Two years in the making, CHF’s Report on the Working Artist (ROWA) is a truly groundbreaking piece of research: the first of its kind demonstrating artists’ pivotal role in our changing economy. In this engaging conversation, CHF’s data analysis team Daniel DiGriz and Lily Dulberg sit down to discuss the methodology and significance of the Report, the documented demand for entrepreneurial training for artists, the gaps in existing research and traditional art education—and how we now have solid and replicable data that supports artists’ ability to make measurable contributions to our economy and the culture at large.
FINDING A PATTERN: THE BOTTOM LINE FOR WORKING ARTISTS
- “We’ve got a lot of information out there from many different sources, many reputable organizations, nonprofits, and our business education programs. But there’s so little information on what artists need to drive success, and what actually changes the landscape of their art business.”
- “Most of the data out there does not measure bottom-line outcomes, which it’s kind of funny, right? Because you need to know those things in order to develop new programs and create best practices and to support artists.”
- “Many organizations had information on their websites about the different types of programs they ran, and testimonials and quotes from artists on what they need. But there was no real evidence of what these programs were able to do for the artists. There were no business results, no income results.”
- “With all the data that we’ve collated, and more specifically, with the data that we have done in-house at the Clark Hulings Fund through our Business Accelerator Program and our events, we really came up with a pattern that we can follow for any type of research in the future. And that is, that attitudes change behavior. Behavior produces business results. And business results lead to increased income or revenue.”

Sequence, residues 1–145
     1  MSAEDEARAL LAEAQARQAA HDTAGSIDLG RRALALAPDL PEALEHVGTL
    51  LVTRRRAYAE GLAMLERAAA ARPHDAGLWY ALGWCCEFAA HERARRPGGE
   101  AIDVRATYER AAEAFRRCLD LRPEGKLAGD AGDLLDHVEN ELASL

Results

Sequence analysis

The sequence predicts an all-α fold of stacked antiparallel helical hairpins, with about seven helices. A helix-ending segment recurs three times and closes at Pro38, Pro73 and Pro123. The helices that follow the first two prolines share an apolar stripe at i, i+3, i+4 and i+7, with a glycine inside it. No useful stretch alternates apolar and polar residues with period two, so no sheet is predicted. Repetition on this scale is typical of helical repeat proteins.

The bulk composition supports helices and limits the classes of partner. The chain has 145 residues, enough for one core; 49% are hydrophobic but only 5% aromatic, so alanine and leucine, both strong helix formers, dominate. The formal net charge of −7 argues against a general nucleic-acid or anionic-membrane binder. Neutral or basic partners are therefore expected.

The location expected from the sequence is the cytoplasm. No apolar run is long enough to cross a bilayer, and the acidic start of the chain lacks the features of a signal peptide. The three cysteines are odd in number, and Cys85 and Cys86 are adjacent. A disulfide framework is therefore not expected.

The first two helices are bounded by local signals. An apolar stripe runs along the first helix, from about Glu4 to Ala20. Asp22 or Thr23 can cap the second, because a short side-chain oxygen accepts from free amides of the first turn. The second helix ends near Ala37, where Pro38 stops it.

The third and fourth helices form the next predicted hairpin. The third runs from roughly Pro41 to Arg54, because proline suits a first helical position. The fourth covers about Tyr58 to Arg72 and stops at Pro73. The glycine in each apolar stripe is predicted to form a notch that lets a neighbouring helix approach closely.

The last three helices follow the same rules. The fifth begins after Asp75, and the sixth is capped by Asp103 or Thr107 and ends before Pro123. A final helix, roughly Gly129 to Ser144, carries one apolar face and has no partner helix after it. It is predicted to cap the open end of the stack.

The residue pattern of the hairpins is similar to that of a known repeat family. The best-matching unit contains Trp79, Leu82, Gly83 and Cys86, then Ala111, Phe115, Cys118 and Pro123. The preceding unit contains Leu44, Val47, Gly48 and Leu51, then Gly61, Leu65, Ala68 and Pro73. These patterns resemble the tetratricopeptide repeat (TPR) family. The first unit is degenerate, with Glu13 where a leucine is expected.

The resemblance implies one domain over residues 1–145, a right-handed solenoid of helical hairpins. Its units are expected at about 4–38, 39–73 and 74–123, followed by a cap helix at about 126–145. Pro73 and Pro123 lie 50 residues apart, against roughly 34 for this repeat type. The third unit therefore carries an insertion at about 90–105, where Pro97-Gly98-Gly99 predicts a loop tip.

- “One of the main things that I think that we should take away from this, that business education moves the needle for artists. It helps them make more income, it helps them develop a more robust network which allows them to increase their sales.”
THE GAP: BUSINESS EDUCATION FOR ARTISTS
- “The ecosystem of gallerists, artists, and peer networks contribute so heavily to business results—and the success that artists see in their lives and in their businesses. There really aren’t enough art business events out there and there really aren’t enough groups for artists that foster communication around what it’s like to be in an art business.”
- “There’s a gap, and in that gap is business education. And it’s so mind-boggling to think that only 5% of an average sampling of fine arts curriculum involves any sort of entrepreneurial or business education.”
- “We had to establish that there was a gap, that it exists indeed, in order to say, ‘Okay, this is how we can fill the gap, this is how we can create change and this is how artists are already creating change.’ ”
- “…it was really amazing to be able to shed light on how that’s already happening and the research that shows that it’s replicable. Other organizations can do it, and the secret sauce is business training.”
HOW WE COLLECT AND ANALYZE DATA